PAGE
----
So our 50th reunion was coming up, and Lou was no where to be found. I had lost track of him about 7 yrs ago. No one had any information on him. I googled him, and nothing came up. But Louis Jullien IV did come up in the search. So in March I took the plunge and emailed Louis IV…they had to be related….with my story of looking for my friend from Northbrook, and how we had always said, if one were going to the high school reunion, the other would also…..and son Lou responded. And then Lou called me! So Lou and I talked a few times since March – it was always just like when we were 16-17-18. Very comfortable. Because, like you said, Ralph – he always made you feel like you were his only friend. And he wanted to hear everything about you. And he wanted to share everything about himself. From your writings, I can tell I was right – he dabbled in everything over the years. I was so looking forward to hours of talking with him at the reunion. I was not meeting up with him in Sante Fe, he was meeting me at the smaller reunion in Northbrook 3 weeks later. When we reconnected I had said to him: I will never lose you again. He just giggled. But – never thought about losing him like this. He was too young. I am so glad I was not in Sante Fe – I would never have been able to get through that weekend. I missed him at the Northbrook reunion. I still have to write Jeannie – I have in my head a thousand times but not on paper yet. And you are right about he and his boys – he always talked about them. I am grateful to know what he looked like, there was a picture of Lou and Langdon on the reunion site for a while. And I am so blessed to have reconnected with him if even for a few months. Peace, Lynn
Thank you for your comments and for sharing. A year has passed. Lou was my dearest friend, irreplaceable in this life. Be well.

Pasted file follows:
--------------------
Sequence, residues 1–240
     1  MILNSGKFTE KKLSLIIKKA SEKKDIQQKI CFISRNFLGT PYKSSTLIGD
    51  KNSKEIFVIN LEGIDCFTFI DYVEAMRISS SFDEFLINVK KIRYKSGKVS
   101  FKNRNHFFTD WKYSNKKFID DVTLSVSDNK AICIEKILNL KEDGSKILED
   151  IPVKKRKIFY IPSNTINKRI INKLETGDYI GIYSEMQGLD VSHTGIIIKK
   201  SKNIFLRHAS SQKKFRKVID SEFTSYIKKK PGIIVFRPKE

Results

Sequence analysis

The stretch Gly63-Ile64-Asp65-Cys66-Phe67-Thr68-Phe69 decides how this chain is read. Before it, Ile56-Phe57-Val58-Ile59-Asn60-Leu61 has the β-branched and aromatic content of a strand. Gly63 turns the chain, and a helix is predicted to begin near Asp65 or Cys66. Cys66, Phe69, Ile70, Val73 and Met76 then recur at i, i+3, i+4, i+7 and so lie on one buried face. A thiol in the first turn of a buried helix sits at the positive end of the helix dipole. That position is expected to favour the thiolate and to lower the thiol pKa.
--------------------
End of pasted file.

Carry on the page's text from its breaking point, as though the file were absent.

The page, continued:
Thank you, Ralph, for the exquisitely beautiful, deeply personal tribute to Lou and your friendship. We were all stunned and saddened to hear of Lou’s death, on his way to celebrate with us. We really missed him. I knew Lou in high school to be easy going, friendly; always smiling. Thanks for the window into his adult life.
Hi Cathy. Nearing the anniversary of Lou’s passing I reread this eulogy. Still a heartbreaking loss. He was an irreplaceable blessing. My novel Angel City Singles is dedicated in part to Louis and his contribution to my life. Late at night, when I was editing, I would often call Lou. He would listen patiently to a paragraph and say, “Good one.” He was exceptional.
Thank you for your note and for sharing.
It’s a year today. Forever in my heart, but I miss him. I send my thoughts to you, his best friend. Your eulogy is as poignant and beautiful as yesterday. “Good one.” Thank you for that. Lynn
Louis was my lifelong friend. We spent our summers together in a little place called Topinabee in northern Michigan. It was paradise. Louis and I met when we were very small children, and developed a close relationship that will last forever. (His mom and my dad were friends in high school.)
We learned to fish and ski together at our family cottages on Mullett Lake. I loved him the moment I met him – and have loved him ever since – I considered him my “little brother”.
He was looking forward to his high school reunion last September, and my husband and I were making plans to go see him after that because we had not seen him in a few years. I last talked to him ust a couple of days before he left for the reunion, and we were excited about getting together a few months later!
Then, his cousin called and told me he had passed away. I was stunned! My life changed that very moment. I felt numb!
Today mark’s the anniversary of his death – nothing is the same. I miss him with all my heart. I will always love him. He was one of a kind – my parents nicknamed him “Mr. Personality” when he was a small child, and that was SO fitting! I feel very blessed to have had him in my life! My love and prayers to his family … Louis, Landon, Jeanne and Fran (his sister).
A long and difficult day for me as they have been, in many ways, since Lou passed. As I shared in his eulogy, Lou made you feel like you were his only friend. We called him “Captain America” but only when needed. Thank you Myrna.
Until this morning I was unaware of Lou’s passing until somehow I came across this beautiful eulogy. What a great friend you were to Lou. Thanks for sharing.